- The Washington Times - Sunday, May 20, 2007

The bipartisan immigration “reform” legislation pushed by Sens. Edward M. Kennedy and Jon Kyl and others, applauded by Michael Chertoff, the secretary of Homeland Security, and Carlos Gutierrez, the secretary of Commerce, is a disaster in the making. That is not so slowly becoming abundantly clear.

It’s a disaster for national security, for keeping Islamist jihadists out of the country, for exploding the costs of Social Security, Medicare and Medicaid, for preserving the rule of law, and for that quaint principle called national sovereignty. From the details that have leaked out thus far, the legislation, which provides amnesty for nearly all of the 12 million (or maybe even 20 million) illegal aliens already here, would swell the size of the welfare state in a way we haven’t seen since Lyndon Johnson imposed his Great Society on us four decades ago. Sen. Jeff Sessions, the Alabama Republican who is likely to lead the fight to save the nation from this disaster, and Robert Rector of the Heritage Foundation will reveal at a press conference this morning the details of just how expensive it will be. We’re talking trillions of dollars — that’s not millions or even billions — over the next several decades.

Senate floor debate on the bill begins today, and Senate Majority Leader Harry Reid clearly wants to force it through before Memorial Day, before senators and everyone else can become familiar with even a fraction of what is in this massive bill, which could run to 800 pages. It was still being written over the weekend. Senate Minority Leader Mitch McConnell, who is said to lean in favor of the bill, yesterday said that at least two weeks would be required for a serious Senate debate on such a complex piece of legislation. We hope he means it when he says “serious debate.” To win the support of conservatives who opposed last year’s immigration bill, the administration agreed that provisions enabling illegals to remain here could only become effective after new border-control measures are in place.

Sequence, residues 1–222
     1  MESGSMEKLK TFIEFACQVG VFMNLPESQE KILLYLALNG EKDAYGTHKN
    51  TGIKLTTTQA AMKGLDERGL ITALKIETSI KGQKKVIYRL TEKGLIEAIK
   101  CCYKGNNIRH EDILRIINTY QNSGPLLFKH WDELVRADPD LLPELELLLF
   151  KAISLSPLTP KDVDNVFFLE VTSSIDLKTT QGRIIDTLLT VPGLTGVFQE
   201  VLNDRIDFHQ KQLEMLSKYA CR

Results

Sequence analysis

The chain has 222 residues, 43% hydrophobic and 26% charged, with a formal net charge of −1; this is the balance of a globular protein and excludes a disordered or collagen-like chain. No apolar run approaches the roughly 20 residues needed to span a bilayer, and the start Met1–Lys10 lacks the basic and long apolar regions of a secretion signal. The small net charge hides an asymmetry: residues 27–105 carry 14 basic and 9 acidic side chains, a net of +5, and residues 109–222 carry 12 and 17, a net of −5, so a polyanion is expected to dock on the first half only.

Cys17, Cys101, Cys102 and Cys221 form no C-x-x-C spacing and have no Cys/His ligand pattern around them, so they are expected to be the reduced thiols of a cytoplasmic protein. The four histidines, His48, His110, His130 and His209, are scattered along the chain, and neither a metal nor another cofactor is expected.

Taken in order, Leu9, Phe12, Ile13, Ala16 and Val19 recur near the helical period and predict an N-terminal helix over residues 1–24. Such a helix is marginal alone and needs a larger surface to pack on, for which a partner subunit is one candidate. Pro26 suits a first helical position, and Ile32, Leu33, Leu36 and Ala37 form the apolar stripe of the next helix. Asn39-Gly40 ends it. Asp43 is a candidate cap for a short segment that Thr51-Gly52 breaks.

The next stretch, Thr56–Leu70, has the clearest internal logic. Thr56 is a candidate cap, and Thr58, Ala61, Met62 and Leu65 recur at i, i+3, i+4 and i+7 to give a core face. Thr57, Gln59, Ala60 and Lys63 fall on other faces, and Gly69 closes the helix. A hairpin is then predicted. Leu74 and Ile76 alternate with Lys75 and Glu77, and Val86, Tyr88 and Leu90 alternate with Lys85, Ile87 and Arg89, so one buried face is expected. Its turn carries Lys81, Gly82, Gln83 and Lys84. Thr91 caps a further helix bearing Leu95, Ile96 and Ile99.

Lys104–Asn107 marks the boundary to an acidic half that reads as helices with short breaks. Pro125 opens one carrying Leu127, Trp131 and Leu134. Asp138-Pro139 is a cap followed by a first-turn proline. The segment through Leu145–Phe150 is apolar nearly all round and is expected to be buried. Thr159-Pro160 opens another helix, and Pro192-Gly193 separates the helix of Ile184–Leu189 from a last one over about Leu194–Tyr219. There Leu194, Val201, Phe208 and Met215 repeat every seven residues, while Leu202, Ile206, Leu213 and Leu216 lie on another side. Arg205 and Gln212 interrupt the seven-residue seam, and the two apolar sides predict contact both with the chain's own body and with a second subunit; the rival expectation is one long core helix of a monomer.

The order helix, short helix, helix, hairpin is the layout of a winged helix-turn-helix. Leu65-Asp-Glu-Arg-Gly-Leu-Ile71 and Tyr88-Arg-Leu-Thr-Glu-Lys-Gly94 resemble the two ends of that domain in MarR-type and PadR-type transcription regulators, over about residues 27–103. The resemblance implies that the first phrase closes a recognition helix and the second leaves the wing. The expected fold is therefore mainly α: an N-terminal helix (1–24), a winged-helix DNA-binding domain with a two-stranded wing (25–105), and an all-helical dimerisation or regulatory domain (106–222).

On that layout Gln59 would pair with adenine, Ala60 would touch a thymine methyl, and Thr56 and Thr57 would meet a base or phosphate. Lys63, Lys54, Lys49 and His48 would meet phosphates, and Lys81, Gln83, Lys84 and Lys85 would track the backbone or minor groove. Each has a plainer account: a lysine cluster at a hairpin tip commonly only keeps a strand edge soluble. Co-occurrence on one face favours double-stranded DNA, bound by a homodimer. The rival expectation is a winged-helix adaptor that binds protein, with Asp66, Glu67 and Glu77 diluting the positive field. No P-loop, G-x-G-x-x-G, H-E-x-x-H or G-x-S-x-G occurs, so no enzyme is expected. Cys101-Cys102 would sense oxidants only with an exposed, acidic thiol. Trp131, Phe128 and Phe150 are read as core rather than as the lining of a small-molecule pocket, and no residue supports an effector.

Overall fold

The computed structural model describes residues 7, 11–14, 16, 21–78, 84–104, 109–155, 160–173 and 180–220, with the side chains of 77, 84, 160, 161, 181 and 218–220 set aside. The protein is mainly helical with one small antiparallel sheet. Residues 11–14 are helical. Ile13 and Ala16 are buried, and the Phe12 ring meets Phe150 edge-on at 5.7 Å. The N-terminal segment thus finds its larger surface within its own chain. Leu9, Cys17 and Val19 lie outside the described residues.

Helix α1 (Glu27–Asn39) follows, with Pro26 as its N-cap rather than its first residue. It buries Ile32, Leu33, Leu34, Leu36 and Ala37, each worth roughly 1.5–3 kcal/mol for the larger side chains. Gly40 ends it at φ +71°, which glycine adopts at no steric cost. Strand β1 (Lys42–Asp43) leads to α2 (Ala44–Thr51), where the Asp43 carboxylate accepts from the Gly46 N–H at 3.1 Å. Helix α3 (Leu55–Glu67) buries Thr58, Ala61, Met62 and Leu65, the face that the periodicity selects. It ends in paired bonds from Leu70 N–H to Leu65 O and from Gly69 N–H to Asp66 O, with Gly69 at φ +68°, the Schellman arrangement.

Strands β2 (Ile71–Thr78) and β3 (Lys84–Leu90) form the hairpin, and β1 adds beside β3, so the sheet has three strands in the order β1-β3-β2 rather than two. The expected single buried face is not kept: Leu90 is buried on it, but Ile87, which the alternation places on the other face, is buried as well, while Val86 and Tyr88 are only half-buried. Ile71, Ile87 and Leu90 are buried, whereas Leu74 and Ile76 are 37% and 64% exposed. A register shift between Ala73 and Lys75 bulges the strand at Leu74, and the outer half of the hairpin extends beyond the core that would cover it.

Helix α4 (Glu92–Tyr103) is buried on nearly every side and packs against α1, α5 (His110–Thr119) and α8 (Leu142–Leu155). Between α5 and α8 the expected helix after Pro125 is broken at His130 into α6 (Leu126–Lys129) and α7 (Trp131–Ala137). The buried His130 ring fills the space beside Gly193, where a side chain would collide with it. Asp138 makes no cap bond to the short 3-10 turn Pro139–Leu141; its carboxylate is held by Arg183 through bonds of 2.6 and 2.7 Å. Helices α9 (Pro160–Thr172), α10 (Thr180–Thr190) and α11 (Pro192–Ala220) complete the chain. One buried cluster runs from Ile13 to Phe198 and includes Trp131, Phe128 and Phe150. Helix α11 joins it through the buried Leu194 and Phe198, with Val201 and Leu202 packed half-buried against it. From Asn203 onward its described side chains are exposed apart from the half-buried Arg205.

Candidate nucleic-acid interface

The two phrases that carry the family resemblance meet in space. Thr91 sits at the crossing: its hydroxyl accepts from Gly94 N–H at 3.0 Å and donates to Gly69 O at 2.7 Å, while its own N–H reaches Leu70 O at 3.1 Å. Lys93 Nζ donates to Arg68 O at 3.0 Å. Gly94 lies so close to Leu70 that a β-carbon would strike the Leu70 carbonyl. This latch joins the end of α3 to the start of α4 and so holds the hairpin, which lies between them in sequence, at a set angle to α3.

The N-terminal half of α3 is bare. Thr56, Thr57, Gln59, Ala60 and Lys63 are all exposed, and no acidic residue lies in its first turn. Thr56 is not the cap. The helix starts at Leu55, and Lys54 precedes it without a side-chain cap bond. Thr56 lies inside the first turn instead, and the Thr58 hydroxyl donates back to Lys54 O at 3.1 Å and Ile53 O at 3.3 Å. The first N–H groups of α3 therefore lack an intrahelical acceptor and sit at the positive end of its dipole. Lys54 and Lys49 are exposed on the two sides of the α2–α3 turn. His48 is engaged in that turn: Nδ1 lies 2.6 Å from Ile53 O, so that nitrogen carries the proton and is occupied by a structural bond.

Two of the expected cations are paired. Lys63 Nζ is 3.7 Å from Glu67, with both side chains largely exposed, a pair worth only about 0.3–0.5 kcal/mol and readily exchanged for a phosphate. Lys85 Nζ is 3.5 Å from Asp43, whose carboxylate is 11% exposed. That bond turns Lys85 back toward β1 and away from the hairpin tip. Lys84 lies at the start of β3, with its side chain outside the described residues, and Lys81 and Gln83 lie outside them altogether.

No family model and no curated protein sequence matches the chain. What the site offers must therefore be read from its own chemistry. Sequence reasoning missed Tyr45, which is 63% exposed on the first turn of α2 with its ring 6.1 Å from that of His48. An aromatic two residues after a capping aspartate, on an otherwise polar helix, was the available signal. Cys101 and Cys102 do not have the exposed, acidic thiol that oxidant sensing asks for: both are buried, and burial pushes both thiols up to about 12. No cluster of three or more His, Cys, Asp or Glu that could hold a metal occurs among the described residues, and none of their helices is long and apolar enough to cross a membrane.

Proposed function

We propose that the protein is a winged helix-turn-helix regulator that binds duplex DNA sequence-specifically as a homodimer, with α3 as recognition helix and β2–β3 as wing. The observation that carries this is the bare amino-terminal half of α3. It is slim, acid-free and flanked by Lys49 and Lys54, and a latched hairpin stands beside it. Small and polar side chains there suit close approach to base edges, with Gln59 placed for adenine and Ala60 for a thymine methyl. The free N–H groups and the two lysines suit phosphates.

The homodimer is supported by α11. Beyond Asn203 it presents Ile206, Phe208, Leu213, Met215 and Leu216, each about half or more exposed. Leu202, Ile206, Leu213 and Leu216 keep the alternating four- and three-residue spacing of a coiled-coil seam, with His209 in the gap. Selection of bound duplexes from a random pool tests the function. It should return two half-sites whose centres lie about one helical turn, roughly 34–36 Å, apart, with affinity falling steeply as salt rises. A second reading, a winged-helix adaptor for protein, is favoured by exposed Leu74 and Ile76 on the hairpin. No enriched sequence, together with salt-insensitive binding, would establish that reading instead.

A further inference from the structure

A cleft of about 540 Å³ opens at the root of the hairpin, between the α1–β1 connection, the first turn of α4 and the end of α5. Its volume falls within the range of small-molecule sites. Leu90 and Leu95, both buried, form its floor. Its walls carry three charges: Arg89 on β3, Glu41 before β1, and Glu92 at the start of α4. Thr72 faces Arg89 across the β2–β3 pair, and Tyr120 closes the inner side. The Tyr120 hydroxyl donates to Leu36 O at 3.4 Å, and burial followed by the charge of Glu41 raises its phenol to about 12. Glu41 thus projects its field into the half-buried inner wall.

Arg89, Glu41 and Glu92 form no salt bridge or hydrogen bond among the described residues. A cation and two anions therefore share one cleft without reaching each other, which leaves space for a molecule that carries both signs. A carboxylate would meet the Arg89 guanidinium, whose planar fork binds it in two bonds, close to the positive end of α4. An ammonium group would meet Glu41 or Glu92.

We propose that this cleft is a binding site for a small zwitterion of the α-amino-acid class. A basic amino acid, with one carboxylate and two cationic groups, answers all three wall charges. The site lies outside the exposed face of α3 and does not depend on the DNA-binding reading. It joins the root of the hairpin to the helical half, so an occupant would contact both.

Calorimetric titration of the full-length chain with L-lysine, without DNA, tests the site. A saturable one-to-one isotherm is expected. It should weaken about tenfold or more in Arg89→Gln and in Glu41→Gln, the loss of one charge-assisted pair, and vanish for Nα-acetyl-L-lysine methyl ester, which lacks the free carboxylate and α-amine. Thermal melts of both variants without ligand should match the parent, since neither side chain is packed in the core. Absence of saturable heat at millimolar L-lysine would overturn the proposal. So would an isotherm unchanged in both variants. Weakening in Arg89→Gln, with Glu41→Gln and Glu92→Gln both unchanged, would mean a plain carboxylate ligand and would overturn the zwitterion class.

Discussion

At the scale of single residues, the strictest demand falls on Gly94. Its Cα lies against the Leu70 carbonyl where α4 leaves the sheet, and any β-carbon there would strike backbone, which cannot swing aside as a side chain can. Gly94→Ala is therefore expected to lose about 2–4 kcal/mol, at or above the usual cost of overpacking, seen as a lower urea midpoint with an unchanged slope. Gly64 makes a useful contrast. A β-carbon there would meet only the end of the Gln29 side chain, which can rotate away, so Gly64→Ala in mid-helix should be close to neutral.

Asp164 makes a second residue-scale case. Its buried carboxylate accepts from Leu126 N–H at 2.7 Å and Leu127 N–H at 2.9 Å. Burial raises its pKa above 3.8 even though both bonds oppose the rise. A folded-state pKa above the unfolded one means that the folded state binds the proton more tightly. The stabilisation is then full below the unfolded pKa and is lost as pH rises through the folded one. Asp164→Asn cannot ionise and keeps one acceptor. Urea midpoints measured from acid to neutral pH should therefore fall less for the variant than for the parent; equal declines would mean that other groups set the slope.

These include the hiring, training and deployment of 5,000 to 6,000 additional Border Patrol agents, increasing the total to approximately 18,000 agents. (Assuming there are 12 million illegals here, this amounts to 2,000 of them getting amnesty for every new Border Patrol agent hired to keep illegals out).

The legislation calls for erecting 370 miles of additional fencing along the U.S.-Mexican border. To put that number in perspective, in October, the Senate passed legislation sponsored by Rep. Duncan Hunter, California Republican, calling for 854 miles of fencing. Mr. Hunter protests that the Senate bill in effect “cuts my fence in half.” (Actually, it’s closer to 55 percent.) That assumes of course, that Congress actually keeps its word and appropriates money for the fence. Counting on Congress is always a very big “if.” Another “trigger” requires that the Department of Homeland Security — not a model of bureaucratic efficiency — develop and implement by the end of next year a system to enable employers to quickly verify that job applicants are in the country legally. In exchange for such very modest achievements, the administration and the Senate propose to make enormous and in some cases unacceptable concessions to illegal aliens and their political patrons. Here are some of them: